People who submit inaccurate resumes to America's business schools are finding out the universities are checking to determine the veracity of their resumes and have zero tolerance for false information, Business Week reports.
At the University California at Berkeley's Haas School of Business, the most
common inaccuracy found on resumes is fabricated dates of employment, most likely
to hide periods of unemployment, according to Business Week. The school conducts
background checks on all candidates admitted for its MBA program. After conducting
checks on all candidates for its MBA class of 2003, the university
withdrew offers to 5 percent of the 100 candidates, according to Business Week.
The applicants would have been accepted if they were honest about the dates
of employment and unemployment, because admissions officers know the state of the current job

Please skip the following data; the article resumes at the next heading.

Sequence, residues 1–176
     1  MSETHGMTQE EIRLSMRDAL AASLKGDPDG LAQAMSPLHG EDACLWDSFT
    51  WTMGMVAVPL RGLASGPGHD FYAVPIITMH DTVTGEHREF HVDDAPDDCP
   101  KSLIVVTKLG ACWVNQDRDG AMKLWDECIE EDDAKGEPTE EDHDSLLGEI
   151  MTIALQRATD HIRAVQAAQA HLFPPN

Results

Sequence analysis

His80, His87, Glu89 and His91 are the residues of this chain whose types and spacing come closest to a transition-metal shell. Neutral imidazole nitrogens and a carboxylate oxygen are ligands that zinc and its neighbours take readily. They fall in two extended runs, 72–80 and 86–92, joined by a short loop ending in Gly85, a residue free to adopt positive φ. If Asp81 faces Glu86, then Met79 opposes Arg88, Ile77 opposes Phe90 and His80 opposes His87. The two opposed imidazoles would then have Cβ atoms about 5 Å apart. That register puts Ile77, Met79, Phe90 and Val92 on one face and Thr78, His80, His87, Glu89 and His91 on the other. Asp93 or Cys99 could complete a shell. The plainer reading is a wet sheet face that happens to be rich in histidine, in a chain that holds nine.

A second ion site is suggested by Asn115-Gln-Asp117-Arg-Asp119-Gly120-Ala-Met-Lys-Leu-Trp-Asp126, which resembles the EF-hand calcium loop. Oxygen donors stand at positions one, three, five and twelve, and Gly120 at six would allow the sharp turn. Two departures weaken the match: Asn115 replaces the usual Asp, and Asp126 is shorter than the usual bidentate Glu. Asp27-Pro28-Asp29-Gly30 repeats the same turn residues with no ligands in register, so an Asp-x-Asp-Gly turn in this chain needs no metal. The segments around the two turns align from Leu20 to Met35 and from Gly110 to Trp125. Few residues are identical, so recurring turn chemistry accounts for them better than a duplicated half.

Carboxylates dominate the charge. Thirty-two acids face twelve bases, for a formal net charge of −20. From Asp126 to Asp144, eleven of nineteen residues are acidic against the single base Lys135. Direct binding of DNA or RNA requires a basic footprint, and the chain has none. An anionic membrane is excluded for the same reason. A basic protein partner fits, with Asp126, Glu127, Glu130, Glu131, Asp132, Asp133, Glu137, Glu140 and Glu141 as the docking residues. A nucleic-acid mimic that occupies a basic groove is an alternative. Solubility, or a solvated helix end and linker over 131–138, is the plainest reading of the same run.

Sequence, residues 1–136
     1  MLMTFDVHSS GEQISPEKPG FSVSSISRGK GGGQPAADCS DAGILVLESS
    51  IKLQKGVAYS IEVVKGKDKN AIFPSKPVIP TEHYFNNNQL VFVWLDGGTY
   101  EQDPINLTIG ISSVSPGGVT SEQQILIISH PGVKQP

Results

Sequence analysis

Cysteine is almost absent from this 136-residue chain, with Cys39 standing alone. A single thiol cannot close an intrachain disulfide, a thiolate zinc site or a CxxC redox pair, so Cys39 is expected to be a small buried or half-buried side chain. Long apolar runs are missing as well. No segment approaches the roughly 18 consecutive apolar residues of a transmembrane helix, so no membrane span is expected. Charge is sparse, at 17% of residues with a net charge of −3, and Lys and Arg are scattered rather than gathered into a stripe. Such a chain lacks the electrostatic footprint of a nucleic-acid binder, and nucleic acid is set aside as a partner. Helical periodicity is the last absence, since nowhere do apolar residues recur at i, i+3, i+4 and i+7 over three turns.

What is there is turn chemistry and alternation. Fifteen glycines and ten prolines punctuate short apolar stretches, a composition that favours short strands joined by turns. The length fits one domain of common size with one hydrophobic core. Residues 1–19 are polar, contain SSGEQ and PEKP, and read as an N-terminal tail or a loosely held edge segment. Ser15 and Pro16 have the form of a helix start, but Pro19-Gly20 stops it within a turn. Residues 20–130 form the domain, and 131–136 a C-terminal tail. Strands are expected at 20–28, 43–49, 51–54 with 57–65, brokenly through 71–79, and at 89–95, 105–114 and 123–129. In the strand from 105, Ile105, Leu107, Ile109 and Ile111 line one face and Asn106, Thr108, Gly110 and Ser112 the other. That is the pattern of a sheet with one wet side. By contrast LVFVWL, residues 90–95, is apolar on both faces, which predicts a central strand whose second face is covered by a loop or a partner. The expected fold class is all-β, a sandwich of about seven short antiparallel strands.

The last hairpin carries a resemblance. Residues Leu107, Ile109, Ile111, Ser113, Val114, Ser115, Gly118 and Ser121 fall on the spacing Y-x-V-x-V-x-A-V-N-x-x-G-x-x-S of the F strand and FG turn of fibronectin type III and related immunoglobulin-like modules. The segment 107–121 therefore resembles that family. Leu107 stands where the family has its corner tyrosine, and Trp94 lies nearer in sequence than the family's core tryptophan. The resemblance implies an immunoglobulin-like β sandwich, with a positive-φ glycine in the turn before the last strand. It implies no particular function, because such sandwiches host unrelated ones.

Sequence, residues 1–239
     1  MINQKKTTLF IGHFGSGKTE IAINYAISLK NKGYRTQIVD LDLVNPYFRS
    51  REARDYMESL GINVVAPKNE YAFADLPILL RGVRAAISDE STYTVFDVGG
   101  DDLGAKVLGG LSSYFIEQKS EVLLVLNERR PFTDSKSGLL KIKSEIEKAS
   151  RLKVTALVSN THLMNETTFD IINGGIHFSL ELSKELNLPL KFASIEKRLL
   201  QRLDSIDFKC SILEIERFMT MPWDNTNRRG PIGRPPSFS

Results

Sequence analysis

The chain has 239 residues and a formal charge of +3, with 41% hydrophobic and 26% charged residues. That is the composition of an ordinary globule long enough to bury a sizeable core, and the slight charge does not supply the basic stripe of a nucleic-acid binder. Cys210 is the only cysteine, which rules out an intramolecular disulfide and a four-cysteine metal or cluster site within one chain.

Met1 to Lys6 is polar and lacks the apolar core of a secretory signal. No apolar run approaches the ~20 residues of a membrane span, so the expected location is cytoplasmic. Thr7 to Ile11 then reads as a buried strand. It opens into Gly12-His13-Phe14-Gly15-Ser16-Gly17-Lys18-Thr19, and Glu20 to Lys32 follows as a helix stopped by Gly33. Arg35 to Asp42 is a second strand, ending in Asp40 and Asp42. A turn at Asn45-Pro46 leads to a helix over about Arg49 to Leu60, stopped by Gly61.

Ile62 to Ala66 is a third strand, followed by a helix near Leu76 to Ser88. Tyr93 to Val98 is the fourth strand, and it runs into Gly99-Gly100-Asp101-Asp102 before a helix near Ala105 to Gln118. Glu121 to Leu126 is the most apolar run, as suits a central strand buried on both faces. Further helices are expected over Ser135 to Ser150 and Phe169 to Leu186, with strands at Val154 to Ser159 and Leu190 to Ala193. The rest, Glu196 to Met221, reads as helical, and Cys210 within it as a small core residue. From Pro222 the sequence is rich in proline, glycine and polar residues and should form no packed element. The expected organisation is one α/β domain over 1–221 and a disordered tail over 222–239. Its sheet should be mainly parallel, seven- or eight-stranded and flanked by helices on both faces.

market, admissions director Jett Pihakis tells Business Week.
Most business schools conduct spot background checks of admitted students,
but some are contemplating initiating universal checks of admitted students, the magazine notes.
Some of the rejected Berkeley candidates who were loose with the facts may have
gone to another school that didn't check the accuracy of their resumes. The
average candidate for an MBA applies to 3.8 schools, according to
a Business Week survey.
The magazine notes that some MBA candidates believe a layoff or period of unemployment
could count against them in an increasingly competitive field of applicants,
adding to the temptation to put inaccurate information on resumes.
"Applicants don't need to fudge this," says Linda Meehan, admissions
director at Columbia University's Graduate School of Business. "We recognize
that this isn't [a good job market]."
Columbia conducts spot checks now on accepted MBA students, but hasn't ruled out
initiating a more comprehensive policy, Meehan tells the magazine.